• Consumers who showed a high level of understanding about the privacy notices (about 10%).
    • Complaints about the time it takes to opt out.
    • The cost of opting out.
    • The form of the notices.
    • Complaints about their attempts to follow-up with and contact their financial institutions.
    • No confidence that opt-out would be honored.
    • Information required to opt-out, e.g. Social Security number.

5. Societal Feedback Loop: What Consumers Told the PRC

We can think of no better way to send consumers' messages to industry and government representatives than to use the words of consumers themselves. The remarks we report here are exact quotes and are typical of those received in the categories we summarized above. Unless otherwise indicated, we obtained these comments from electronic mail messages.

Consumers Who Showed a Low Level of Knowledge of GLB

  • Comments from those who seemed to have no prior knowledge

    "I heard the end of a story regarding the submission of paperwork to prevent the selling of my private information between banks, insurance companies and others. Could you provide me with guidance as to what I can do and what paperwork I need to submit."

    "My husband and I were watching the news this morning and they were talking about protecting your privacy. . . . We didn't receive anything in the mail and would like for you to send the information to us."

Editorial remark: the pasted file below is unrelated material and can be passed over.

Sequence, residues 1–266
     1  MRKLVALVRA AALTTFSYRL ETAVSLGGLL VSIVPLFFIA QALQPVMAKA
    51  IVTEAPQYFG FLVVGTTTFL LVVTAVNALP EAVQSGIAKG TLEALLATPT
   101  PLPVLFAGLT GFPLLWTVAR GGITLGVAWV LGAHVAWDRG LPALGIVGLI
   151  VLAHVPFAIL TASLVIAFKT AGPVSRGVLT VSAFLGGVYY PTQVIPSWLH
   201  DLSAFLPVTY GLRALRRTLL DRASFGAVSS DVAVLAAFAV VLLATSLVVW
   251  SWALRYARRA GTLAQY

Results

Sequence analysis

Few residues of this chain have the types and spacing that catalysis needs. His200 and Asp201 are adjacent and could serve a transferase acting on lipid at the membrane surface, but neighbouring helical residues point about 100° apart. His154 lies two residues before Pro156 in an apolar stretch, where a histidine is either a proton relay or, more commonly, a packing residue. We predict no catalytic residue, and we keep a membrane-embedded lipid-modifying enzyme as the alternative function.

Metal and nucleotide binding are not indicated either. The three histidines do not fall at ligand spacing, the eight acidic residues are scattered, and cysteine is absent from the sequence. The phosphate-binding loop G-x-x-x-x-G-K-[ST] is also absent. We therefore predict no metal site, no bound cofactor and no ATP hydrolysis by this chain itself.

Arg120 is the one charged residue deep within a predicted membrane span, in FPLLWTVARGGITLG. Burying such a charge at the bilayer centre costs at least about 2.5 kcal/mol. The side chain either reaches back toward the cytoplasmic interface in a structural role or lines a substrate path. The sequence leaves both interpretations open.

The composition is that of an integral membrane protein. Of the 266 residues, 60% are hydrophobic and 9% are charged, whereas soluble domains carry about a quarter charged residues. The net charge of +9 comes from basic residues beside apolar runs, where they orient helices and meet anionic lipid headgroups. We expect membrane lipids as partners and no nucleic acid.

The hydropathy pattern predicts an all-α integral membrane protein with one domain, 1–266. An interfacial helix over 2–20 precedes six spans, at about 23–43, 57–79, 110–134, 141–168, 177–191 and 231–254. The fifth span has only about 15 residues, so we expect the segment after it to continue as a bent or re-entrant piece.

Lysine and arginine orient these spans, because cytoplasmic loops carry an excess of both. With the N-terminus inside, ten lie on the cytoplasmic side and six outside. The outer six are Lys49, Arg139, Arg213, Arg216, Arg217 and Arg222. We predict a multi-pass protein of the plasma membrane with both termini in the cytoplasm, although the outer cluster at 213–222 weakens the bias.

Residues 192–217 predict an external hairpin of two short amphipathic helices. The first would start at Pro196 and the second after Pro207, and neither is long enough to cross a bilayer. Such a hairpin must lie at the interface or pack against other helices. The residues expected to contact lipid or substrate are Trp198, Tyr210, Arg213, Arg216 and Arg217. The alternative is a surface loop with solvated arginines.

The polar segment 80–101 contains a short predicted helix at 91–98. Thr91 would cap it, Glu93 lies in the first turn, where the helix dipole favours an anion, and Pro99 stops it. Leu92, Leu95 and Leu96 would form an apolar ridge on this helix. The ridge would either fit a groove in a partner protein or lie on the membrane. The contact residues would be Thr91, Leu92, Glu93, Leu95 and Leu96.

"I heard about your web site on KPCC tonight. I am greatly concerned."

    "I heard on the national news last night about the privacy policy forms that were being sent out to consumers in their bills, notices, etc. I make it a point to read all of what I receive in my mail, and I swear that I didn't receive a single one of these forms."
     
  • Comments from those who saw the notices but misunderstood their significance

"I was one of the ones who did not read all the opt-out forms that were sent to me. I only completely understood about it after hearing about it this past week on the Today show."

"I need to notify all my accounts that I do not want any personal information given to anyone for any reason. Like many others, I did not realize what I received. How do I recover? There should be a law against such confusing methods to trick the American people. I am downright angry!"

"I do not recall getting these notices. If I did . . . I probably threw them out because of the tons of junk we all get."

"I failed to respond to the mailers I received thinking they were just some more junk mail."

"I heard about your organization this morning on a local news cast here in the Dallas metroplex. They reported that the privacy policies that the bank and insurance companies have been sending do in fact have a specific purpose to them other than just be helpful. I am one of those individuals that have received my banks and insurance company's privacy policies and neglected to read them."